However I felt like the game was a bit too short and lacked reason to play the game over and over, and it took me long to decide what to do against that.
Eventually I came up with a bunch of variations of the snake, each with a different power that could help you. And I decided to make the player unlock these one by one.
But it wasn’t clear to me what would be the best way to unlock these.
At first I made it so you needed to reach a certain highscore for each to unlock. But I eventually made it so you earn coins for completing stages, and more coins the higher the stage. And you could then use these coins to unlock the next snake.
The benefit this has over unlocking through highscore, is that every game you play brings you closer to your goal of unlocking the next snake, even when you don’t play as well as before. And since the main purpose of it was to give the player a reason to keep playing, I went with this approach.

All the snakes

I also added in achievements and a leaderboard through google play.

After having played the game myself a bunch, and becoming very good at it, I found that starting at stage 1 each time was a bit tiresome. (Even though that was actually one of the core aspects of the game I wanted, like old arcade games)
So I thought about having the player be able to start a game at a higher stage, but I didn’t know how to make that work exactly. With how many points would he start? Making it too low and it’s pointless to do when you’re trying to beat a highscore, and making it too high would be unfair as well.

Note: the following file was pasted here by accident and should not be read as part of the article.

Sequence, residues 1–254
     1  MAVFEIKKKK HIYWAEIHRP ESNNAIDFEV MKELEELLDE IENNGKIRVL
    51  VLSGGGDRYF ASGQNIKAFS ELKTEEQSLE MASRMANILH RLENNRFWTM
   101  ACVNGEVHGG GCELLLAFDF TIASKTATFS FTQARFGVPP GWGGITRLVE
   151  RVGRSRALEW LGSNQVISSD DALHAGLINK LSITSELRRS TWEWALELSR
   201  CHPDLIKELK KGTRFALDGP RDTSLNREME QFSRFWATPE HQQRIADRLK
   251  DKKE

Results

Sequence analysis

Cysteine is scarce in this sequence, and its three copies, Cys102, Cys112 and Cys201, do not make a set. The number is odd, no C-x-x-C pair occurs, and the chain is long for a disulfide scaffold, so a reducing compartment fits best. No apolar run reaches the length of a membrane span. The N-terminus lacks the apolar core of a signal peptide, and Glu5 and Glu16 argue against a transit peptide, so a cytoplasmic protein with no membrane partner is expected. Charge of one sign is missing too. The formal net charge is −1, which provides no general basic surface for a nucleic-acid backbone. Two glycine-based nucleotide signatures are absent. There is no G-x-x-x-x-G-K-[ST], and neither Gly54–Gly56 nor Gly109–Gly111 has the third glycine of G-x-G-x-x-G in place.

So I thought about making the player able to set checkpoints at a stage while playing, and when you start from that checkpoint (CP for short) later, you’ll have exactly the same points and everything as when you initially set it. But I didn’t want the player to just be able to start from a CP as soon as he got there for the first time. Because that would cause the player to set the CP as high as he could, and would ruin the fun of the game. I kindof wanted the player to only be able to set a CP at stage 10 when he is able to get to stage 20, for example. But I couldn’t think of a good way to do this without making it all too complex.
In the end I made it so you can only set (and start from) a CP by spending coins, and the cost increases exponentially the higher the stage. This ensured that it is only beneficial to set a CP at least about 5-10 stages lower than the highest stage you can get to. (Because when you set it higher, it would cost more coins to start from the CP than you could make back)
Honestly, I’m still not entirely sure if that was the best approach, but I think it’s good enough.

Reception

Most people were really positive, and I know a couple of people that really loved it and played it a ton. And I’m really happy for that.
But In the end though, the game went pretty much unnoticed, most of the people that played it are people I know personally.
I also added in (optional) rewarding ads, more as an experiment than anything else, but I’m not even close to reaching the minimum number of views to even have the chance of making any money on it.
I didn’t expect it to become a huge success or anything, especially since I spent no money on advertising the game, I just posted about it on facebook and the Unity forums and that’s about it.